Addendum: Some may accuse those opposed to unrestricted access of transgender women to women’s sports as being “transphobes.” I don’t think this is the case since nobody I know of opposes the participation of transgender men in men’s sports. Coupled with the observation that many of the writers on this issue, like Andrew Sullivan, state plainly that they have no problem with transgender equality in nearly every other realm, one has to conclude that this is about fairness, not about demonizing transsexuals.
Addendum 2: As a commenter (#12) below notes, one website reports that author Jack Turban has taken at least $15,000 from a pharmaceutical company that makes puberty blockers. That alone compromises his integrity to the extent that Scientific American should not have published the article below, or at the very least inserted a caveat.
An article that appears in Scientific American surely carries the cachet of SCIENCE, so it’s unfortunate that yesterday’s article (below), written by a fellow in child and adolescent psychiatry at Stanford who specializes in the mental health of transgender youth, claims that science gives no data for excluding transgender girls from girls’ sports. In fact, science does support such a case. Author Jack Turban’s argument rests largely on his admirable concern for the mental health of transgender youths, but he’s also forced to rely on distorted claims about biology and medicine to make his case.
We all know that Biden’s recent executive order on gender rights, very good in the main, implies that you’re whatever gender you claim you are, and further decrees that nobody will be denied access to “the restroom, the locker room, and school sports” on the grounds of claimed gender or sex.
This can be—and is being—taken by the ACLU and others as allowing one to access facilities reserved for your identified sex—even if you’ve undergone no medical treatment for transitioning. If you’re an untreated biological male but identify as a woman, in some states you can just join a woman’s sports team and compete with biological women. This is what happened in Connecticut, where two biological men joined a high-school women’s track team and cleaned up. Three biological women on that team brought a federal suit against that policy, alleging Title IX violations, and Biden’s Justice Department has withdrawn from that case. That withdrawal is a sign that his administration will regard self-identification alone as sufficient evidence for one’s gender.
Below I show Jack Turban’s arguments for the Connecticut practice. Let me add that I’m adamantly opposed, on the grounds of fairness, of allowing medically untreated biological men who claim that they’re women to compete on women’s teams. The question of what to do with men treated with hormones and/or surgery during transitioning is more difficult, and remains beyond my capacity to judge. The Olympics has a rule based on testosterone titer, but it’s a seat-of-the pants rule. But it’s already clear that no resolution of where to place transgender women will satisfy everyone.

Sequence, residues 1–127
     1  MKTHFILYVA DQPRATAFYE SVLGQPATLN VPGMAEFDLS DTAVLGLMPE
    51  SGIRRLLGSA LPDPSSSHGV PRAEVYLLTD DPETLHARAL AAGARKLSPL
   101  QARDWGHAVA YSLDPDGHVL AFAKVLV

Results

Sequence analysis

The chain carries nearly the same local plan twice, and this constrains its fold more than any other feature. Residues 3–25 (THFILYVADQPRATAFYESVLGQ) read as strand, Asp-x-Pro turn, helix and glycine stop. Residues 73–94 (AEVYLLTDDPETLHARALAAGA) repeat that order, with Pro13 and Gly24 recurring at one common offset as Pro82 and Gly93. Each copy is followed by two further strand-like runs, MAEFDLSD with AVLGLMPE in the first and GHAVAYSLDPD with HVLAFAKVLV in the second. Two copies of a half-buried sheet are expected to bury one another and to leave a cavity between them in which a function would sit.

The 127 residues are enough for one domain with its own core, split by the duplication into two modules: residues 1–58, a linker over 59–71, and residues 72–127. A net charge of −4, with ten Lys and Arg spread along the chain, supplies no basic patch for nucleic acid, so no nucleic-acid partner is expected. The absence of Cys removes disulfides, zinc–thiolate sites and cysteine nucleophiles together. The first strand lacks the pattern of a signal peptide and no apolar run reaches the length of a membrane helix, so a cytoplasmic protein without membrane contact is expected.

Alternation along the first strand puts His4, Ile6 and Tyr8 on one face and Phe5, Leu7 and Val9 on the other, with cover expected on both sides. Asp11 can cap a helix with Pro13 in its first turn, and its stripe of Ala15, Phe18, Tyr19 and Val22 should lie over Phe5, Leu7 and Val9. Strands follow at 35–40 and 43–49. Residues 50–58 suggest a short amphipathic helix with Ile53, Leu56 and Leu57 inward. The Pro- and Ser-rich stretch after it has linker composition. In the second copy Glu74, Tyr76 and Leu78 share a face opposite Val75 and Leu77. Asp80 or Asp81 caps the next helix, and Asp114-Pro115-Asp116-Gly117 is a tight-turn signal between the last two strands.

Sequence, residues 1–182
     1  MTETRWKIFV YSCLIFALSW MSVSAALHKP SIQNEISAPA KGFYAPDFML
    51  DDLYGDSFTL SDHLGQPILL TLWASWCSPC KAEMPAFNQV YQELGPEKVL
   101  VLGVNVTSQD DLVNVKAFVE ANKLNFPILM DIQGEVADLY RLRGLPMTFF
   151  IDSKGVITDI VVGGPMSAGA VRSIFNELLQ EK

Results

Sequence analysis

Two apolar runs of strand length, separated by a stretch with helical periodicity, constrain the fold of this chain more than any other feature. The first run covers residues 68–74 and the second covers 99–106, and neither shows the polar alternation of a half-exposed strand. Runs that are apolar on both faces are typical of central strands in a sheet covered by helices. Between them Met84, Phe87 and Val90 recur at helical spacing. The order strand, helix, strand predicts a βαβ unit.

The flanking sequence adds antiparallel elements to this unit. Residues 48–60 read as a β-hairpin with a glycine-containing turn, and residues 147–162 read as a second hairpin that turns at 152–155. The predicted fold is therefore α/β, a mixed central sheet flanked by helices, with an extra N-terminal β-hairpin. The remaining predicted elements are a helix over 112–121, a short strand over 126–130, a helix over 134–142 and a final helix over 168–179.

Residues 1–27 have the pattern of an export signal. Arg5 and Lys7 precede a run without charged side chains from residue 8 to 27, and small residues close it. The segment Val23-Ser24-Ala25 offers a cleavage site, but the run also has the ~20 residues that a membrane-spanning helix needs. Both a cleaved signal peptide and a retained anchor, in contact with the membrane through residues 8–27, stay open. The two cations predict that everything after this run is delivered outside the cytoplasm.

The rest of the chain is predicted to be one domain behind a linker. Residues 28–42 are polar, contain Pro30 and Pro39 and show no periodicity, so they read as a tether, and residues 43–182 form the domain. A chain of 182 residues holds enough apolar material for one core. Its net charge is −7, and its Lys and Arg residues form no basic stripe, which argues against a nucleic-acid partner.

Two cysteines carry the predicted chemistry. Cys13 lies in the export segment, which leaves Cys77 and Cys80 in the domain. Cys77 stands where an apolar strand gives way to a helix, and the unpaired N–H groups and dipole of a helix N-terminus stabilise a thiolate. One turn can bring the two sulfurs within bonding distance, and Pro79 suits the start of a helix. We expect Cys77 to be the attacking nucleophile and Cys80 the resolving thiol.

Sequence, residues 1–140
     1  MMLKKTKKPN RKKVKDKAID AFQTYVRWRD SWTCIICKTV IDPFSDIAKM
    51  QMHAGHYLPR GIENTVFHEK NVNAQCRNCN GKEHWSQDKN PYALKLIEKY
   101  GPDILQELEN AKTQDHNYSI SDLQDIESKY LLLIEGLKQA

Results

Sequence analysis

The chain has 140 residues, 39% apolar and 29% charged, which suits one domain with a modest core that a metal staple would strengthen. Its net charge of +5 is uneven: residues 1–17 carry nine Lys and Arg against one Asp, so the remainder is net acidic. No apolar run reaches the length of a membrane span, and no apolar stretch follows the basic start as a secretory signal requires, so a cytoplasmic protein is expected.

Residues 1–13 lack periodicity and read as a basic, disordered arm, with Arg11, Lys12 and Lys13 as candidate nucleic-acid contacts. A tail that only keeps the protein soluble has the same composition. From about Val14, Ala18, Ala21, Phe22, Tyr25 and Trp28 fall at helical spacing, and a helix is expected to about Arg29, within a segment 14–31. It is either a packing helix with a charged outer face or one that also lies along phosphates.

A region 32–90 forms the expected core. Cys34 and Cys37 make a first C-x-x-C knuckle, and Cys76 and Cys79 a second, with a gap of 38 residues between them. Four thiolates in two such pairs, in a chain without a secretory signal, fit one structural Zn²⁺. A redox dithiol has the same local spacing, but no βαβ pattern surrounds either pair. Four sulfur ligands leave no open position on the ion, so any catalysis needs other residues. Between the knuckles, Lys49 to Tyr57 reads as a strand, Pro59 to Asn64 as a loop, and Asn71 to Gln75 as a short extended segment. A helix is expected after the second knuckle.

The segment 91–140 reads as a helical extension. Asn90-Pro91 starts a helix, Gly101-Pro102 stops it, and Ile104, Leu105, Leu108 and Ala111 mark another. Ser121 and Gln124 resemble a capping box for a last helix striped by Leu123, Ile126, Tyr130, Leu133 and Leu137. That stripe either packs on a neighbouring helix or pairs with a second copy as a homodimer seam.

And, of course, participation in sports is not the major issue with gender identity these days. But most of us already agree on the moral and legal equality of people when it comes to their self-identified gender. It’s just that sports is the sticking point, and poses an interesting but very hard ethical dilemma. (There are other issues as well, like who goes to what prison, shelter, or who does rape counseling, but I’ll leave those aside.) And besides, if Scientific American deems it important enough to write a publish a piece on this, I deem that piece important enough to critique.
Here’s the piece; click on the screenshot to read.
Turban claims that transgender girls belong on girls’ sports teams (I use his term “girl”, though I’d consider high-school students to be “women”), and makes no distinction about whether they’ve started medical transitioning or not. His grounds (Turban’s quotes are indented):
a. Sometimes cisgender girls can beat transgender girls.
. . . two days after the Connecticut lawsuit was filed by the cisgender girls’ families, one of those girls beat one of the transgender girls named in the lawsuit in a Connecticut state championship. It turns out that when transgender girls play on girls’ sports teams, cisgender girls can win. In fact, the vast majority of female athletes are cisgender, as are the vast majority of winners. There is no epidemic of transgender girls dominating female sports.
This is irrelevant. The principle is what is important, not the number of people testing it, and of course there will be some cisgender girls who beat transgender girls. It’s a case of overlapping performance curves, with transgender girls (especially untreated ones who are biologically male) being higher on the performance scale. With the rapidly increasing number of transgender girls appearing in society, the issue will certainly become more important.
b. There isn’t really a correlation between testosterone and performance. This claim is relevant to both untreated males or males given hormones that increase estrogen and reduce testosterone. And the claim is wrong. I won’t reprise the studies showing this, but you can go here and here for more recent ones, including evidence that muscle mass and bone size appearing at puberty in biological males does not revert to the level of biological women after hormone treatment. Nor does performance revert.